4. Baker, R.A. 1970. Trace organic contaminant concentration by freezing-IV. ionic effects. Water Res. 4: 559–573.ADSCrossRefGoogle Scholar
  5. Buelow, R.W., J.K. Carswell, and J.M. Symons. 1973. An improved method for determining organics by activated carbon adsorption and solvent extraction. J. Am. Water Works Assoc. 65: 57–72.Google Scholar
  6. Carbridenc, R. and A. Sidka. 1979. Extraction des micropollutants organiques des eaux en vue de la realisation d’essais biologiques. Presented at the European Symposium on the Analysis of Organic Micropollutants in Water, Berlin, Federal Republic of Germany.Google Scholar
  7. Chriswell, C.D., R.L. Ericson, G.A. Junk, K.W. Lee, J.S. Fritz, and H.J. Svec. 1977. Comparison of macroreticular resin and activated carbon as sorbents. J. Am. Water Works Assoc. 69: 669–674.Google Scholar
  8. Crathorne, B., C.B. Watts, and M. Fielding. 1979. The analysis of non-volatile organic compounds in water by high-performance liquid chromatography. J. Chromatogr. 185: 671–690.CrossRefGoogle Scholar
  9. Dressler, M. 1979. Extraction of trace amounts of organic compounds from water with porous organic polymers. J. Chromatogr. 165: 167–206.CrossRefGoogle Scholar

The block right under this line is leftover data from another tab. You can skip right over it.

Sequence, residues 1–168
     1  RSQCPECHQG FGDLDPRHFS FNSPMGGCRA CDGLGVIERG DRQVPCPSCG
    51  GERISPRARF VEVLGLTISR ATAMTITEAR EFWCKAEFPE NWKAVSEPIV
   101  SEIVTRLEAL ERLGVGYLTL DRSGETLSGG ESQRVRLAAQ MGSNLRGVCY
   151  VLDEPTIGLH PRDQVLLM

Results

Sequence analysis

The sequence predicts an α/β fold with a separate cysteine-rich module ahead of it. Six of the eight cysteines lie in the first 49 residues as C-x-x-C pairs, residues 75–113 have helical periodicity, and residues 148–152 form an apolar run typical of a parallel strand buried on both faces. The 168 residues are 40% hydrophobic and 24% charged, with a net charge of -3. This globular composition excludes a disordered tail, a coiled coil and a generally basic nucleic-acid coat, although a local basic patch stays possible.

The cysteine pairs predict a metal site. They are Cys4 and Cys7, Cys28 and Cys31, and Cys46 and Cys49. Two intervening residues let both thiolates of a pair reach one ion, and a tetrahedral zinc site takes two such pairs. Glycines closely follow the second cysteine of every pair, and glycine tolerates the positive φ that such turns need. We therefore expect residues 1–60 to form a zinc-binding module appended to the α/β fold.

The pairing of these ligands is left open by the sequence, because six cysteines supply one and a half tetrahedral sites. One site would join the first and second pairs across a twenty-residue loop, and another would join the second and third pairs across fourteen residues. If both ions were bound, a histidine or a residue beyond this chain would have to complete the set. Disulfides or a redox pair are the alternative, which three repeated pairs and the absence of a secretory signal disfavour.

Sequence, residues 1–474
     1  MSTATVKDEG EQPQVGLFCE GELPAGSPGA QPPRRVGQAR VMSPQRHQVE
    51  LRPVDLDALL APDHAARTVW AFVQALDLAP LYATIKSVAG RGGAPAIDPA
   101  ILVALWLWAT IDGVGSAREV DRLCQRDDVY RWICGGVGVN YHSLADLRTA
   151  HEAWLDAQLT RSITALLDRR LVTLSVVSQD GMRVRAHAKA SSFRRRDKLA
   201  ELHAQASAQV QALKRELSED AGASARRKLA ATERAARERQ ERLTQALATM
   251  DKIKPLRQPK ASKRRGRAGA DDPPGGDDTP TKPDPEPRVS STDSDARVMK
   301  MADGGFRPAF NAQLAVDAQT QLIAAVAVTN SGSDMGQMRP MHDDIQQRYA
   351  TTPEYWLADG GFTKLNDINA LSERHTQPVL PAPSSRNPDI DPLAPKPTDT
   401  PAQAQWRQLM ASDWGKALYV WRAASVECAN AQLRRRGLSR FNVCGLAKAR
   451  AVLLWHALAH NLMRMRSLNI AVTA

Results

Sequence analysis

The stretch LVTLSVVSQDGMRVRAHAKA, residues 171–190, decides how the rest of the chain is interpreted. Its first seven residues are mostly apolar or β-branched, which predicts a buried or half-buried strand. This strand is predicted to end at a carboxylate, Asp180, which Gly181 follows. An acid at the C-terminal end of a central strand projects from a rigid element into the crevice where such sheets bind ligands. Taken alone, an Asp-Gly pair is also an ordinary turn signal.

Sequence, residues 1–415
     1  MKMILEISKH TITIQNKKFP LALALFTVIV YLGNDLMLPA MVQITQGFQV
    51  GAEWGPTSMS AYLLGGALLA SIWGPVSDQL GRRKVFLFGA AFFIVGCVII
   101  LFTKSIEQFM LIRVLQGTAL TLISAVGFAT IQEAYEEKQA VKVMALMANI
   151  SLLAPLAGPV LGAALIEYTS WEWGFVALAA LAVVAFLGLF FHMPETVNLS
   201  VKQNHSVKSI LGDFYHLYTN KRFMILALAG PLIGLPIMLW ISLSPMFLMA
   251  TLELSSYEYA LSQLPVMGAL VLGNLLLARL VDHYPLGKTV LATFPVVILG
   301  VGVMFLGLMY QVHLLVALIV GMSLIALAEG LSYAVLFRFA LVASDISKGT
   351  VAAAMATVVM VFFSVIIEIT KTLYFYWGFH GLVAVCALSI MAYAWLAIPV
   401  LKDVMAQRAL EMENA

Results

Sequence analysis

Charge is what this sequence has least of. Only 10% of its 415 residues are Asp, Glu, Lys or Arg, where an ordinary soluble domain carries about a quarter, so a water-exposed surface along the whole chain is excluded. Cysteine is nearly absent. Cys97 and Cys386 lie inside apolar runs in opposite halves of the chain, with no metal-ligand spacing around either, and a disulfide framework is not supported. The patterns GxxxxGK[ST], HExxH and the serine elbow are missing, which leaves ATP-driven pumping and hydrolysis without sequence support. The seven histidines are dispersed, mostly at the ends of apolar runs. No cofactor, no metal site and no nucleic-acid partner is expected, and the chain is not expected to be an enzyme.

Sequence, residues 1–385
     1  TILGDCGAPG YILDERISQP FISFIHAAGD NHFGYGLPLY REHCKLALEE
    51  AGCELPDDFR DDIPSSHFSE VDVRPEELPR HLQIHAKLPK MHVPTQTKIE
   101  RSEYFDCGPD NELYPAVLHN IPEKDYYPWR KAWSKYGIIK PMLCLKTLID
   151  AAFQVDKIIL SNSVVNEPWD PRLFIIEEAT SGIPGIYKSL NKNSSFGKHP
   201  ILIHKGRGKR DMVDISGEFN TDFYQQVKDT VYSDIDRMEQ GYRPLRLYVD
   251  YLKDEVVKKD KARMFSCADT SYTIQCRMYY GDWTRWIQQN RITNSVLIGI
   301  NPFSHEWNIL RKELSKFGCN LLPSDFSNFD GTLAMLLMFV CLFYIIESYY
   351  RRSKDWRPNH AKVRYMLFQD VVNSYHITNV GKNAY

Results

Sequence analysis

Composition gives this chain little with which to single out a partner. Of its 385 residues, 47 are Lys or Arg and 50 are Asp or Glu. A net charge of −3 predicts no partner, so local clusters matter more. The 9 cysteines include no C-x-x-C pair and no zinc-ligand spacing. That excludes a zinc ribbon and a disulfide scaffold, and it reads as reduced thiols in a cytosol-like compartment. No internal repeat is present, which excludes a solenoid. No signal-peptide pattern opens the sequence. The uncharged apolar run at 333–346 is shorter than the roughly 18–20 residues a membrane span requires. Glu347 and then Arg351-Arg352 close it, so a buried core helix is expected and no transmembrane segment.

10. Gustafson, R.L., and J. Paleos. 1971. Interactions responsible for the selective adsorption of organics on organic surfaces. In: Organic Compounds in Aquatic Environments. S.J. Faust and J.V. Hunter, eds. Marcel Dekker, Inc.: New York. pp. 213–237.Google Scholar
  11. Hemon, D., P. Lazor, R. Cabridenc, A. Sidka, B. Festy, C. Gerinroze, and I. Chouroulinkov. 1978. I: Micropollution organique des eaux destinees a la consummation humaine. Rev. Epidem. et Sante Publ. 26: 441–450.Google Scholar
  12. Johnston, J.B., and J.N. Herron. 1979. A Routine Water Monitoring Test for Mutagenic Compounds. UIUC-WRC-79–0141. University of Illinois: Urbana, IL. 87 pp.Google Scholar
  13. Jolley, R.L., S. Katz, J.E. Morchek, W.W. Pitt, and W.T. Rainey. 1975. Analyzing organics in dilute aqueous solution. Chem. Tech. 5: 312–318.Google Scholar